How studying sleeping babies led to Royal prize
(8 December 2017)
The University has been awarded the Queen’s Anniversary Prize for Higher Education for ‘leading influential research on parent-infant sleep with a widely-used public information service’. We caught up with the Director of the Parent-Infant Sleep Lab, Professor Helen Ball, to find out more about the research journey.
Congratulations on the award. What does this mean to you and your colleagues?
This award is not just a prize for us but for the whole University to recognise the fact that they have invested in our research and encouraged us to do it.
What is most pleasing for us is that it recognises all of the organisations that we’ve worked with outside of Durham who have helped to spread knowledge about our research and implemented it so we are very grateful for that.
Tell us about the Parent-Infant Sleep Lab
We look at issues of night-time infant care, particularly around the safety of babies when they sleep and how their sleep develops. This means we find out what happens to babies at night, why parents do what they are doing, where babies sleep and how the different elements affect babies’ safety and parental well-being. We conduct some of this research in our lab which consists of a bedroom wired up with night vision cameras and an observation room, and some of it within hospitals or in people’s homes.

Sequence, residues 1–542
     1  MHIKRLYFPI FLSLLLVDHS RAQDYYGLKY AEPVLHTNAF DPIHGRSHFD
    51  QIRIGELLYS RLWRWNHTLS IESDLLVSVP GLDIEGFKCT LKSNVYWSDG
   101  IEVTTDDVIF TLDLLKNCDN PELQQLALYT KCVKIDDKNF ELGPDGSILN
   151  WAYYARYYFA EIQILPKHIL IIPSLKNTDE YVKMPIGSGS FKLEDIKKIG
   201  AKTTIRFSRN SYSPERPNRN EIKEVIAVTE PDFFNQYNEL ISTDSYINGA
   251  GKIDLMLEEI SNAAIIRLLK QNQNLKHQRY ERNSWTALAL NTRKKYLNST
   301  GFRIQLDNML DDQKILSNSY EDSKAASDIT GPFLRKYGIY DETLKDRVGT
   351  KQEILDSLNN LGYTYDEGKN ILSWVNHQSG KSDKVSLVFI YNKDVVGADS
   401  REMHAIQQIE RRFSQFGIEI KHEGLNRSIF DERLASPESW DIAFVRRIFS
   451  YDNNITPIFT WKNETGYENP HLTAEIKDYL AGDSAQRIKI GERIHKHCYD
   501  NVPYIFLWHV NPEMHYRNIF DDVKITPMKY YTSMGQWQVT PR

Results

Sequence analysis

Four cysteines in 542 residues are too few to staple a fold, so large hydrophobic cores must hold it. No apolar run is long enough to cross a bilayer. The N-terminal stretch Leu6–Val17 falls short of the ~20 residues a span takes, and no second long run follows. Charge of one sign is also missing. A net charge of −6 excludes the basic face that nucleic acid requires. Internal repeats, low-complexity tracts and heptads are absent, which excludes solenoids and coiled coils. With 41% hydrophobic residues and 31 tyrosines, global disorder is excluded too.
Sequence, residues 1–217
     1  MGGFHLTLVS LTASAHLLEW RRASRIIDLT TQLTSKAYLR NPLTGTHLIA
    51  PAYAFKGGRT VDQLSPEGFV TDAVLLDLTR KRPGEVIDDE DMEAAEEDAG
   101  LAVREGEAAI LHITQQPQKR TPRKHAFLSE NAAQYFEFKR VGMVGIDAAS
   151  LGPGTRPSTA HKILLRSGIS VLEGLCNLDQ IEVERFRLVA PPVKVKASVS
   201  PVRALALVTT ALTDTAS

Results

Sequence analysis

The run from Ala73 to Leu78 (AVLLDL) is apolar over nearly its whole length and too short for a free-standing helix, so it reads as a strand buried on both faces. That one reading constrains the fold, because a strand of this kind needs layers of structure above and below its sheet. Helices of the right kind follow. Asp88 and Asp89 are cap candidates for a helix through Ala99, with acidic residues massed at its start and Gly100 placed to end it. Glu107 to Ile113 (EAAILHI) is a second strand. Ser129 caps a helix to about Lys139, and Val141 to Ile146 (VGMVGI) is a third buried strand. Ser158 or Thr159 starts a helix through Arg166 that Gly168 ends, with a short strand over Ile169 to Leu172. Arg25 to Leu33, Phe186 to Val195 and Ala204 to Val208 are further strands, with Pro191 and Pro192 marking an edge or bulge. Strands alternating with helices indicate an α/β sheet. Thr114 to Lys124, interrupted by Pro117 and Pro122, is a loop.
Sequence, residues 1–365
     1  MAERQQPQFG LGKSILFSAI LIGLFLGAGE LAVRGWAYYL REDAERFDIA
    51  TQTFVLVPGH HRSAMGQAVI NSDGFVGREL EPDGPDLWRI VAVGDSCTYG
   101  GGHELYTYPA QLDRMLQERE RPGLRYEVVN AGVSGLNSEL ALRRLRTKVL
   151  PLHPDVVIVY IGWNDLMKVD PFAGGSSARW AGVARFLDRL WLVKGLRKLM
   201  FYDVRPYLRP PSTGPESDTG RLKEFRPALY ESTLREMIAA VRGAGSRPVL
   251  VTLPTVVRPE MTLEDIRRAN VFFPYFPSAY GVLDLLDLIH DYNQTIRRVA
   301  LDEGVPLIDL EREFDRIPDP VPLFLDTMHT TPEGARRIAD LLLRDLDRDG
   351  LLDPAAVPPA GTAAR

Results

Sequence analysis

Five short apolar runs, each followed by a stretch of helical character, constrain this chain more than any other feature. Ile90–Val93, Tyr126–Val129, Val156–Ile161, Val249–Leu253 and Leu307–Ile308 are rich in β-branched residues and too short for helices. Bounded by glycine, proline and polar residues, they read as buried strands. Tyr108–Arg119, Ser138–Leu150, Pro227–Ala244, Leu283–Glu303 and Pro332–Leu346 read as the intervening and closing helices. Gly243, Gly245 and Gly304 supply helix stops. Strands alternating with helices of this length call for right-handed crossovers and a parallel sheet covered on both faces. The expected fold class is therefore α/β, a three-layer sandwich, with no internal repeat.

Because we are Anthropologists studying infant care and sleep we think about parental caring strategies and infant responses from evolutionary and cross cultural perspectives, which means we ask questions and make sense of our results in somewhat different ways to psychologists or epidemiologists who might study aspects of infant sleep and night-time parenting. This means we are able to bring new perspectives to this research area and are often challenging long-standing beliefs.
Your research has a global reach. Did you have a strategy for achieving this kind of impact?
Not at the outset; we just wanted the research to be useful in some way and from the beginning, we set out to conduct research we could share with health practitioners to influence the ways in which parents were advised around infant sleep.